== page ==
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Archived News from May 2006

29th May 2006 20:32

According to the Sunday People Hotline page Peter Shirtlif is wanted by Notts County to replace Gudjon Thordarson.

The full story reads:

Ian McParland is in the running for the manager's jobs at both Nottingham clubs.
If Forest continue to look elsewhere, McParland will be in line for a return to Meadow lane with Notts County.
Also on County's hit-list is Mansfield boss Peter Shirtliff, a former Shefield Wednesday player under Notts' boardroom adviser Howard Wilkinson.

The FA have launched an investigation into claims a League Two match last season may have been fixed.
From the BBC gossip column
The Football Association is investigating claims that a League Two game was fixed last season. (The Mail on Sunday)

The Football Association is set to investigate claims that a League Two match may have been fixed last season.
The FA has received evidence from a professional gambler highlighting significant sums being staked in the Far East on a particular game.

Bets were put on one side winning the match by a margin of more than one goal, with the result being achieved.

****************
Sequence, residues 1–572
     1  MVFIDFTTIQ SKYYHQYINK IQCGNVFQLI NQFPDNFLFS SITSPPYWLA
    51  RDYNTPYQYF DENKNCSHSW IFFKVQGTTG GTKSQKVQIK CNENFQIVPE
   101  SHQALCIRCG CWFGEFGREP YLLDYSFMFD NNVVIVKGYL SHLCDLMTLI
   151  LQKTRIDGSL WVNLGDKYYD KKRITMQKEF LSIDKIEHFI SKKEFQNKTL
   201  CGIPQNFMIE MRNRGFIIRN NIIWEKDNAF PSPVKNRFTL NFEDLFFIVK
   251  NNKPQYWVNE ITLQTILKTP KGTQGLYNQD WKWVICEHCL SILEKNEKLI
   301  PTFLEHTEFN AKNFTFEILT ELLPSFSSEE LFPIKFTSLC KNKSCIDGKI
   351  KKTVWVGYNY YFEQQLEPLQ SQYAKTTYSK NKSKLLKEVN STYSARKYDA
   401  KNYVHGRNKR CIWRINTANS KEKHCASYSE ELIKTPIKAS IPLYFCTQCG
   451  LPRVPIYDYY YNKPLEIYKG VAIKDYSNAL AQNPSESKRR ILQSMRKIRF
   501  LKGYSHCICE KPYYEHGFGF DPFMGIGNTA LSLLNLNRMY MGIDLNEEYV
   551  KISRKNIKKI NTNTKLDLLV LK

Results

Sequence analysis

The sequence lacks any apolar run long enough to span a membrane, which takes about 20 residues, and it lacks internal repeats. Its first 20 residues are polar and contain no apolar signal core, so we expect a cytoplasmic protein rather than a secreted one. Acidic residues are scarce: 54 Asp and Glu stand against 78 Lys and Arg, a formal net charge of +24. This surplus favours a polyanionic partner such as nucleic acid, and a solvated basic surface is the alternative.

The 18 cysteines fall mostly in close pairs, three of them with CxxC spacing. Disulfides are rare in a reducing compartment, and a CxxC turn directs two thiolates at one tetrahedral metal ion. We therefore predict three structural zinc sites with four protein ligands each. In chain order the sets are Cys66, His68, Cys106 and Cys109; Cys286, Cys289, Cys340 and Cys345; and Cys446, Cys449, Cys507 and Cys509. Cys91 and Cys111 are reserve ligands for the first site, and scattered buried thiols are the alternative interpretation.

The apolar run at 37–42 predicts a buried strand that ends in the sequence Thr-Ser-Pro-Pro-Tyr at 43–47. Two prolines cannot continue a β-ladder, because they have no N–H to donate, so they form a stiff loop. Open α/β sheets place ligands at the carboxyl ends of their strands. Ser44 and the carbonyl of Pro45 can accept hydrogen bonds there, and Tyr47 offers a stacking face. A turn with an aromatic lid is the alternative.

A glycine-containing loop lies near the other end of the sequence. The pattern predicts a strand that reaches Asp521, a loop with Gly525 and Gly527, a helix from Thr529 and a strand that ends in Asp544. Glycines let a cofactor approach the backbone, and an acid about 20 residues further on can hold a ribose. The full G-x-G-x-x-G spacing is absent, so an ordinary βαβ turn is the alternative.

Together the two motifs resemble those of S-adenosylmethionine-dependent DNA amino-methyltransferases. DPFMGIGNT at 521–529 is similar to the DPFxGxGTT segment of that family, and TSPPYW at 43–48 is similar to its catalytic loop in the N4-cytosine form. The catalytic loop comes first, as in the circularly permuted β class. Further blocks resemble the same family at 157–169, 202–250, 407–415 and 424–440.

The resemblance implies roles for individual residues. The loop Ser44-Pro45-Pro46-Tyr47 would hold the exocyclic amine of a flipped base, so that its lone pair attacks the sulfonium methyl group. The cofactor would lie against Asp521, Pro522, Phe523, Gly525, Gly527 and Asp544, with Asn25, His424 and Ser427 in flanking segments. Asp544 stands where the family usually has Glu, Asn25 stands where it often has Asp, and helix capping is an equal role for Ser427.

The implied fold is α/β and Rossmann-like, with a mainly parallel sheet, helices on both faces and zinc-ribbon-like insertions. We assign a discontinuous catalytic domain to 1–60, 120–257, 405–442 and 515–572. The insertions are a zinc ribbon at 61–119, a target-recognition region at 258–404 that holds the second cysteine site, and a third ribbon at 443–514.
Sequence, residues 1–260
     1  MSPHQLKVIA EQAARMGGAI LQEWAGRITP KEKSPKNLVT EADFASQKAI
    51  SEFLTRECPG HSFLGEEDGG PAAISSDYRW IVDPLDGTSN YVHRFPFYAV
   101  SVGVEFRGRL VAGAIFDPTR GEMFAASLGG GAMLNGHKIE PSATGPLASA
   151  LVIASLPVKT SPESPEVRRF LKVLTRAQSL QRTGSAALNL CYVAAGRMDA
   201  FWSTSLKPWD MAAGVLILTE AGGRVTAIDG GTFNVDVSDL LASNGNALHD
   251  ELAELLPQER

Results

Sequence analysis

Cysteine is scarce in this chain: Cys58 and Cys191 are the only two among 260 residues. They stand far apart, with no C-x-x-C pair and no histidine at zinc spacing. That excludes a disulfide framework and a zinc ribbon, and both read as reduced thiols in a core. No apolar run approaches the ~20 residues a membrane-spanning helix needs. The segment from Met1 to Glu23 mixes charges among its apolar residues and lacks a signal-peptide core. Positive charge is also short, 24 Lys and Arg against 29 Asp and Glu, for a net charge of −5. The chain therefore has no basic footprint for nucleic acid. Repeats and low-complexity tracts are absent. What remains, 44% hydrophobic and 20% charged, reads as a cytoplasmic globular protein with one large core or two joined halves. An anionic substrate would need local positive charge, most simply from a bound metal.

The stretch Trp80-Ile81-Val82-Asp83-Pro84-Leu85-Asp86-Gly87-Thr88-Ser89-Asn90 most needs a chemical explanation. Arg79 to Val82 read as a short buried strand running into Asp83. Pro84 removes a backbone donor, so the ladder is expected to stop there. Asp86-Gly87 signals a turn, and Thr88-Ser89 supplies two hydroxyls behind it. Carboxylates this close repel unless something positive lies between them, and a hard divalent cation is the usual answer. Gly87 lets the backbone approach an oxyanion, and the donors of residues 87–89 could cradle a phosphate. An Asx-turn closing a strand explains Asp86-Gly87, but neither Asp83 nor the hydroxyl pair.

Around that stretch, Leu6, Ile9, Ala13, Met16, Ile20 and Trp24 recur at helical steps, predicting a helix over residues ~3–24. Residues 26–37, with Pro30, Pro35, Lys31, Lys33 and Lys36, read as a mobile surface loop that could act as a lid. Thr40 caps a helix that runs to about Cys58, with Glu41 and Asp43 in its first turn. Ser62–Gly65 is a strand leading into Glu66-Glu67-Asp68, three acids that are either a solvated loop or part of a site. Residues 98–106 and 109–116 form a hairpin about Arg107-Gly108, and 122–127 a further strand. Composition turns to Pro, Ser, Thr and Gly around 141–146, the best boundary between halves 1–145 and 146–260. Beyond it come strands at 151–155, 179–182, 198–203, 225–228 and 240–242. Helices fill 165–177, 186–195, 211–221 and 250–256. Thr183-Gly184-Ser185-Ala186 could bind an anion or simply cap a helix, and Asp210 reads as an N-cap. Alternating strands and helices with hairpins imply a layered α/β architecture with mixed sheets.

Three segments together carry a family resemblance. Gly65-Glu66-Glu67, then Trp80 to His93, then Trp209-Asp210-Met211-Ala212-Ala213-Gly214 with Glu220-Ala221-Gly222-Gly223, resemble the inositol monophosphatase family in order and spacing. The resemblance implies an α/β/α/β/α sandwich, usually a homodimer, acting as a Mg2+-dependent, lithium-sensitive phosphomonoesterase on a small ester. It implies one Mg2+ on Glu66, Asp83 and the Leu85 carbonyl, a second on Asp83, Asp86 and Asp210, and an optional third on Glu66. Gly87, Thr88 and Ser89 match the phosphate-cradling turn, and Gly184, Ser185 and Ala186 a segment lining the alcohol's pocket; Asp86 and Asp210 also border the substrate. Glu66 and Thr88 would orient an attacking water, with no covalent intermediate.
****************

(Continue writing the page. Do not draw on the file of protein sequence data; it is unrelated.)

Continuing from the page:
An FA spokesman said: "As always if we have evidence of any breaches of the rules we will investigate thoroughly."

FA CHIEFS are examining claims a £1million betting sting saw a League Two clash last season fixed.
The match under investigation is Carlisle's 4-2 win over Boston on March 25.

It is claimed the betting markets in Asia went haywire in the hours before the game with six figure sums staked on Carlisle winning by a two goal margin.

Carlisle, who won League Two, were red-hot favourites, but completed their victory in the last minutes after the Boston boss sent his keeper up for a corner at the other end.

Such was the volume of betting the price for Carlisle's victory went from 4-6 to 1-4 in little more than an hour under the weight of the liabilities.

The FA has promised to review the evidence after a letter was sent by one gambler to Soho Square's director of governance Jonathan Hall.

An FA spokesman said: "The information with regard to one named fixture only arrived late on Friday. If there is strong evidence of a possible breach of rules we will investigate that thoroughly."

The FA will be determined to mount an investigation after Far East syndicates were involved in floodlight tampering incidents in 1998. Four men were jailed for three years.


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